There was some good discussion generated from the summing up of my reading of the land use code at Crosscut. One thing I learned from reading the code is that we should take the simple rules of supply and demand seriously and apply them when land use decisions get made. When it comes to land use and transit that lesson tells me that along with pushing for $20 car tab fees and $60 Vehicle Licensing Fees, advocates of bus service and light rail also need to push for better land use decisions that reflect basic and sound economic principles.
When our land use policies diffuse housing supply the demand for that housing will usually follow that supply, especially when it is kept cheap by externalizing the cost for transportation infrastructure (roads and buses). But that diffusion of housing supply to the ‘burbs, also means disaggregated demand for transit which drives up its costs, forcing it to rely on flaky King County Council politics and fickle voters at the ballot box.
The greatest offender when it comes to making bad land use decisions that negatively affect transit has been the Seattle City Council, a city that should be leading the way on showing the region how to grow. The Council’s worry about developers making a windfall from up zones has made them do something that doesn’t make any sense: make it harder to develop housing in the city. The more they worry about developer profit the more rules they impose (take incentive zoning, for example), which limits supply. Again, the simple rule is that if you limit supply and demand stays constant or goes up, you’ll increase prices, making housing by the usual standard “unaffordable.”
As people look for housing in our region they run up against limited supply in the places we most want people to live, the city. If it’s easier to build new single-family housing or sell that housing out in the ‘burbs, the supply out there will be greater. Seattle’s hesitant attitude toward up zones to create Transit Oriented Development not only keeps housing prices high, but also means that costs for maintaining transit service to far flung reaches of King County will go up too.
Among the many great things density does (lower emissions, more efficient energy use, less impact on water), it also aggregates demand for transit. Lots of demand for transit in one place makes it less expensive to supply. It’s as simple as visualizing a bus stop on Third Avenue versus a stop somewhere in Maple Valley, there’s going to be a lot more people, more fares, and fewer operating costs. Density is good for transit’s bottom line in King County. More people in a smaller space can mean more efficiency.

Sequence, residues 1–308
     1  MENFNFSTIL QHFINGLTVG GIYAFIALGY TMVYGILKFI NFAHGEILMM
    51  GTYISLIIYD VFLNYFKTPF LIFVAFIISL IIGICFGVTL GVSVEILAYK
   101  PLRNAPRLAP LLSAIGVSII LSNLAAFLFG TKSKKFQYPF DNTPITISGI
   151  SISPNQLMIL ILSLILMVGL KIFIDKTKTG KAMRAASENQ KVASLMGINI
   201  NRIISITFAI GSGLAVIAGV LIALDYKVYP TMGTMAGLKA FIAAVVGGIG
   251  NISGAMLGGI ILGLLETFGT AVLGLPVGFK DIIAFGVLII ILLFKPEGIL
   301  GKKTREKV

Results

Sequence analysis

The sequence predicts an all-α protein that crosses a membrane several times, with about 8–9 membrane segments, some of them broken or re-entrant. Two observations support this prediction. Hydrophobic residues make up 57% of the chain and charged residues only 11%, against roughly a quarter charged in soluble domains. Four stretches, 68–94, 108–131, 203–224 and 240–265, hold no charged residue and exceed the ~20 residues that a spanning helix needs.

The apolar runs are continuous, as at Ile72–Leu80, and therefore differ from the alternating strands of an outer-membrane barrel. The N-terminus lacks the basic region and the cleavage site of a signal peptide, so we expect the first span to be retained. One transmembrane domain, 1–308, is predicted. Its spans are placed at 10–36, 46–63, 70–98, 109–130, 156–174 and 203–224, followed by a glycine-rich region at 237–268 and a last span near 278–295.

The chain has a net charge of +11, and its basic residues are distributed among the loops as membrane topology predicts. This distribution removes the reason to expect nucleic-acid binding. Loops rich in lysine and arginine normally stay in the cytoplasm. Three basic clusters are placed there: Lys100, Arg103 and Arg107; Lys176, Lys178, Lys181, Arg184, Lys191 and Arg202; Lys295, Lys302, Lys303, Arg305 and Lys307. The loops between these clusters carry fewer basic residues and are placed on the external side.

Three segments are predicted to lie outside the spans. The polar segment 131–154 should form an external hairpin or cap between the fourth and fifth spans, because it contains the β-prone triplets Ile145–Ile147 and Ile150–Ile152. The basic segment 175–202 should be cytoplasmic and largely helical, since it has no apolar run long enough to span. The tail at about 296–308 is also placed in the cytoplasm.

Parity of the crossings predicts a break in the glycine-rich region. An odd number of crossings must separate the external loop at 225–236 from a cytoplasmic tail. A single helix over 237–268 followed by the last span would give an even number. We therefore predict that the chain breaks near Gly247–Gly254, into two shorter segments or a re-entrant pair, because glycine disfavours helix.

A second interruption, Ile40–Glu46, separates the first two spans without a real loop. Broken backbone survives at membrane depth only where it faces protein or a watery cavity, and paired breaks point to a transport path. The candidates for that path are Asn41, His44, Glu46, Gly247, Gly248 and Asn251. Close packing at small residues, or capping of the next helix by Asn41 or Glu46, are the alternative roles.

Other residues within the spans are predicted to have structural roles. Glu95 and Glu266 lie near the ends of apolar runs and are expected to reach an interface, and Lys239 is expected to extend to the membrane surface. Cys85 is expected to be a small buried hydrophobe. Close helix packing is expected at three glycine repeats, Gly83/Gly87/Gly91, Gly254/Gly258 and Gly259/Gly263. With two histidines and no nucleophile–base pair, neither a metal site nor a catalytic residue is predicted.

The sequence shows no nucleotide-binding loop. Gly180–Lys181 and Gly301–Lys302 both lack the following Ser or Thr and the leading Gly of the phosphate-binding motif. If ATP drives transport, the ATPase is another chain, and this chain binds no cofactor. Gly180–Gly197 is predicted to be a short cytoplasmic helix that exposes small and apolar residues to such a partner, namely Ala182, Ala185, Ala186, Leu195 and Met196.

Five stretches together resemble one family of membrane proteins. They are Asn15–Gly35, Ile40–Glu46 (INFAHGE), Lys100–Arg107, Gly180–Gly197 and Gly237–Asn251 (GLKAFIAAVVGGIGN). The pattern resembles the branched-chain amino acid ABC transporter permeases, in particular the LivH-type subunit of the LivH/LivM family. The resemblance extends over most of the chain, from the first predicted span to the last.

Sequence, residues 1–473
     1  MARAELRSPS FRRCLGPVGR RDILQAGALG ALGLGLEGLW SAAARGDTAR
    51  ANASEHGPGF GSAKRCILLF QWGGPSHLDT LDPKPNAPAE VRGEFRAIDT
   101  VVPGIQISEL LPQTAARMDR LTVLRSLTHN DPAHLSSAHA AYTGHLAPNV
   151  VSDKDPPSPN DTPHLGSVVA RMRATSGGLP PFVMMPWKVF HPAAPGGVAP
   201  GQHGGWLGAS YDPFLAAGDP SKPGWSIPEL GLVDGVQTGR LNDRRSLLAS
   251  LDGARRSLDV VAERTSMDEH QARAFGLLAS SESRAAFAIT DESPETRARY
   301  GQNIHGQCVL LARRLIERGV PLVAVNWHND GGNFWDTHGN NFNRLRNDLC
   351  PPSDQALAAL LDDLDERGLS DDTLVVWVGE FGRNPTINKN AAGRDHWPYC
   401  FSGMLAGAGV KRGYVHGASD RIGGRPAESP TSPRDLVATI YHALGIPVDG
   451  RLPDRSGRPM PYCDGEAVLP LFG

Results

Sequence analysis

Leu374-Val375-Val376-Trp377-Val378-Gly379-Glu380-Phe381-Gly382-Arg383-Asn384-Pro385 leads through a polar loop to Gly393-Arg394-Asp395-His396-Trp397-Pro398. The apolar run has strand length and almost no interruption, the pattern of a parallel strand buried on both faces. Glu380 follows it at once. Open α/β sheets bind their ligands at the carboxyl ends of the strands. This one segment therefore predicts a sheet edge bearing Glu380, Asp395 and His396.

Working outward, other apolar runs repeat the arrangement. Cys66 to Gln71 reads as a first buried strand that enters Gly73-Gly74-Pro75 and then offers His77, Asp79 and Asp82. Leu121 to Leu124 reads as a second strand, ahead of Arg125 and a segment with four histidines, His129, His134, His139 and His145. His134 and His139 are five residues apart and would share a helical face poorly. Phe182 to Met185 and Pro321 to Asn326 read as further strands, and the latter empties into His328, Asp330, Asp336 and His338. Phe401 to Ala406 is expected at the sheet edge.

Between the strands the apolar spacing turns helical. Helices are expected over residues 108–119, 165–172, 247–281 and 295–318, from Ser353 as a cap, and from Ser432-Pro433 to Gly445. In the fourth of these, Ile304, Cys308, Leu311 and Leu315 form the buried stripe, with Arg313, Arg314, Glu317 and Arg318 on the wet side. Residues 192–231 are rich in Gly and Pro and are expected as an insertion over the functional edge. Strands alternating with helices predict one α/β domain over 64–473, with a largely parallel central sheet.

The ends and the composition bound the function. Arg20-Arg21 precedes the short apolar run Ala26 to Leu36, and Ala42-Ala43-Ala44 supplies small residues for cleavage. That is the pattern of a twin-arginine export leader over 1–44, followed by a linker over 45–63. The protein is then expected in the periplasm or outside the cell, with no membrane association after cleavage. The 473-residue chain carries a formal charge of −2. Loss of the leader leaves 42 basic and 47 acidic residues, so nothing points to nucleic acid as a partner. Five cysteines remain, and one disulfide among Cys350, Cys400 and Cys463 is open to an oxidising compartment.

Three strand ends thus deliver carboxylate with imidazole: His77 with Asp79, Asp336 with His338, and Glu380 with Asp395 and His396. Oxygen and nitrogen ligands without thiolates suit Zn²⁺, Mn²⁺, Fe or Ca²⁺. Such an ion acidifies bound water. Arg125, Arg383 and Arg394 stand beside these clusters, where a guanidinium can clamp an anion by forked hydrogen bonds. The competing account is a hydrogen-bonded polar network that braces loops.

The more that Seattle resists density, the more expensive it is going to be to operate transit. We talk a good talk about sustainability but our land use policy is in direct conflict with it. So when Seattle constrains housing supply, it’s actively pushing up the operating costs for Metro and stretching subsidies to the breaking point. Meanwhile County politics dictates more and more of that subsidy go to keep bus service cheap where it is most expensive, a pathological cycle of codependence and inefficiency. Seattle’s land use policies drive up the price of transit, forcing local governments to pay for the City Council’s mistakes with extraordinary revenue from more fees and taxes.
This is why transit advocates have to be just as enthusiastic in their support of up zones as they are for subsidies through tax and fee increases. And those subsidies should be seen as a bridge to keep transit viable until we get our land use right. Then, maybe, the subsidies can largely go away. I know that the idea of a transit system paying for itself is kind of like Eldorado. But if demand is aggregated with good land use policy the idea that transit could be self-sustaining is not as farfetched as it is today.